Trout Brook Valley Preserve is a 4.6 mile moderately trafficked loop trail located near Easton, Connecticut that features a river and is rated as moderate. The trail offers a number of activity options and is best used from April until November. Dogs are also able to use this trail but must be kept on leash.
dogs on leash
cross country skiing
A crown jewel, Trout Brook Valley was snatched from the jaws of developers by concerted citizen action and will now be preserved forever as open space. A largely pristine space, the Valley has over 20 miles of trails, ranging from easy to difficult A crown jewel, Trout Brook Valley was snatched from the jaws of developers by concerted citizen action and will now be preserved forever as open space. A largely pristine space, the Valley has over 20 miles of trails, ranging from easy to difficult. The trails take the hiker past dramatic displays of New England nature at its best, scenic overlooks, and lush Apple and Blueberry orchards. In general, the trails slope upward, sometimes sharply, from the Weston entrance to the Easton entrance off Route 58. Some trails are designed for equestrian use. Several trails are linked to the extensive trail systems in the adjoining Jump Hill and Crow Hill Preserves which combined equal 1,009 acres. Also nearby is the Saugatuck Valley Trail on Aquarian Water Company land.(http://www.aquarion.com/pdfs/SaugatuckValleyTrail.pdf). Hunting in Trout Brook Valley is permitted in limited areas in season by permit only. Maps available at all preserve parking area. Historical Note: Hikers can enjoy a beautiful vista of the Saugatuck Reservoir from the Purple Popp Mountain trail (at #29 on map) in the Weston Portion of Trout Brook Valley. The Reservoir was created in 1945, when the river was dammed just north of Devils Glen. What can't be seen is the small village of Valley Forge that now lies 100 feet or so beneath the surface of the Reservoir which was flooded by Bridgeport Hydraulic Company and chronicled in the book, Village of the Dammed, by James Lomuscio. This is a great book about the local history of this lost village.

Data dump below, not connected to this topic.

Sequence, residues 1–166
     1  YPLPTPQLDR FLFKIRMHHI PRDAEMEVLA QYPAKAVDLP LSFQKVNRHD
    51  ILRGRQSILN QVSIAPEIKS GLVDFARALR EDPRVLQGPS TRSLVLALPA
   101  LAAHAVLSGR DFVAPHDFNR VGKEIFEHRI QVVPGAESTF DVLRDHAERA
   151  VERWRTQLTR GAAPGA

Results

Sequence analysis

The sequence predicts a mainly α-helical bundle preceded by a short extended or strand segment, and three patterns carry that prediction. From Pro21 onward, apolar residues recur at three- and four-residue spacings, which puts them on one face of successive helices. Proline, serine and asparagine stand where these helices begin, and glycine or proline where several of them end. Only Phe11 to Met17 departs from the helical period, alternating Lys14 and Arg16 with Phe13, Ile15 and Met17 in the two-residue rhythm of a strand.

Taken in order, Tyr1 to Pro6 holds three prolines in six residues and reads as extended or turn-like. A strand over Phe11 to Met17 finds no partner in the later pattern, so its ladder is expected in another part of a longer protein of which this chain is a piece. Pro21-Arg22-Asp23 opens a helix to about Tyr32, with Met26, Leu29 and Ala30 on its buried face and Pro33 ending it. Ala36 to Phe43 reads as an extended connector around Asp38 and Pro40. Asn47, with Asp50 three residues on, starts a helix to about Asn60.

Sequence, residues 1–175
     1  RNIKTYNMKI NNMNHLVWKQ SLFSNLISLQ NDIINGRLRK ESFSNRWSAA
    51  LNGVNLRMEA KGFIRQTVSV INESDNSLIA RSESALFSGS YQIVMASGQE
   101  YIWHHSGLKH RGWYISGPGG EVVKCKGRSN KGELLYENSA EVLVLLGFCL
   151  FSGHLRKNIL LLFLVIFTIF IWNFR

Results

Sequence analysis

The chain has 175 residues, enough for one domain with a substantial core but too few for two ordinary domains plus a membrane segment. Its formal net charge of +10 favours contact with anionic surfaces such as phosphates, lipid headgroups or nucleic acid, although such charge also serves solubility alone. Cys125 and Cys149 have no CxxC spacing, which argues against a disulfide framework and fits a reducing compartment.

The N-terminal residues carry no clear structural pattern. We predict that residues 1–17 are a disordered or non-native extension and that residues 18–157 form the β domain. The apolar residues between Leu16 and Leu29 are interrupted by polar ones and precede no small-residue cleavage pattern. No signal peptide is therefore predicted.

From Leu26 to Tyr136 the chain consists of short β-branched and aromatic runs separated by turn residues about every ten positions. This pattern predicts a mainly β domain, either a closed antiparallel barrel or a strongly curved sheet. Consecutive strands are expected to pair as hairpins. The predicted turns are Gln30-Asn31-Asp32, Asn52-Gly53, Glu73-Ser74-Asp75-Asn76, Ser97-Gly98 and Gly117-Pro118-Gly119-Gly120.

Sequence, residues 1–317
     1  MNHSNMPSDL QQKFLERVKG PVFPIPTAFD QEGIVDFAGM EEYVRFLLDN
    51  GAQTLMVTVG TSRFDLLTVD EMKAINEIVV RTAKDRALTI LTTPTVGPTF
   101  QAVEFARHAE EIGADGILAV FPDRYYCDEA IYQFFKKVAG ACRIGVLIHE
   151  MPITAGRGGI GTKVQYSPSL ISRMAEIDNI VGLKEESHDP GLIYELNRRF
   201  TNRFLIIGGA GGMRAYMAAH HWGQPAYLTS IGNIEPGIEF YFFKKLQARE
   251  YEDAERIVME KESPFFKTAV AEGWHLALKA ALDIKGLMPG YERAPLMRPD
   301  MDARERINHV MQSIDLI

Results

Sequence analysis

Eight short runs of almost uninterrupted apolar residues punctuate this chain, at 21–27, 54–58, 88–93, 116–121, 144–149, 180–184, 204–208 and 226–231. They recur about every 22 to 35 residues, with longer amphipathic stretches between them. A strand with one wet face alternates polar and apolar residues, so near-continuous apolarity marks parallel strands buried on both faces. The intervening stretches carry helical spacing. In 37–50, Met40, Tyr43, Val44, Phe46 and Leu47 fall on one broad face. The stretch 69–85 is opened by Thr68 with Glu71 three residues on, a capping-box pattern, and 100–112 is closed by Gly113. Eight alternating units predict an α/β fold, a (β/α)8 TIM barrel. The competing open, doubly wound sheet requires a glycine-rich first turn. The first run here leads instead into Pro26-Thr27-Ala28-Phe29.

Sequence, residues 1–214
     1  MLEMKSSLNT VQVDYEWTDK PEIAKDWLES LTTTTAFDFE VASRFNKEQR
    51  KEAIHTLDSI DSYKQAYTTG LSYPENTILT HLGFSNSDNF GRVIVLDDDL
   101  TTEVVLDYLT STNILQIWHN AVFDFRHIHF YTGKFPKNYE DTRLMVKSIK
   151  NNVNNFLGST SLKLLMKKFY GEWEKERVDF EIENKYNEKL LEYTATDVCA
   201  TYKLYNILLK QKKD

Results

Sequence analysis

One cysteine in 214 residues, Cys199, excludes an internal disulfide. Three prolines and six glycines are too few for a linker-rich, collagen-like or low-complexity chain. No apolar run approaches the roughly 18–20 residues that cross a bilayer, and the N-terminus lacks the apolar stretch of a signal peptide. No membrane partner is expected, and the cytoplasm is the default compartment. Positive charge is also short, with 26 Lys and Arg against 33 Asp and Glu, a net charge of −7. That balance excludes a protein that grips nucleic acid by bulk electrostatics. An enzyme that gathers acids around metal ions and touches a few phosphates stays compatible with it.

Pleasantly surprised with this hidden gem! We took the RED trail. I had two dogs with me, one of which was a blind labradoodle. There was a bit of an incline/scramble on this trail which I found difficult only because of my dog.
Without the dog, I would highly recommend it as a "Moderate" hike.
I do have to mention this review is my First time at Trout Brook. So take what I'm saying in that context:
Looking at the maps, we took the RED trail, planning to exit via the green due to my dogs limitation. The GREEN trail on the map looks like it exits onto Bradley Road.
It would be more accurate to say that the WHITE trail not the green exits to the Bradley road exit. We went in a complete circle or loop simply following the Green blazes.
We thought red to green.
It should be Red to Green to White.
No big deal...we just prolonged the hike.
I highly recommend this park. We are blessed to have it so close to home. Prior to finding it we were driving to Sleeping Giant.
Great space and trails in crowded Fairfield County.
All around fun, varied terrain!
Excellent trail, rather steep in 1st quarter. One concern, most of the area is open to bow hunting of deer and shotgun hunting of Turkey's. It's hard to let your mind drift and relax when your looking out for hunter. I think this app needs to let you know up front so you can avoid the trail during hunting season.
Amazing hike, fall colors and crunching through the leaves. New England at its Fall finest. Last mile a challenge for our tired 9 year olds. Many thanks for the Violet Trail as the home stretch.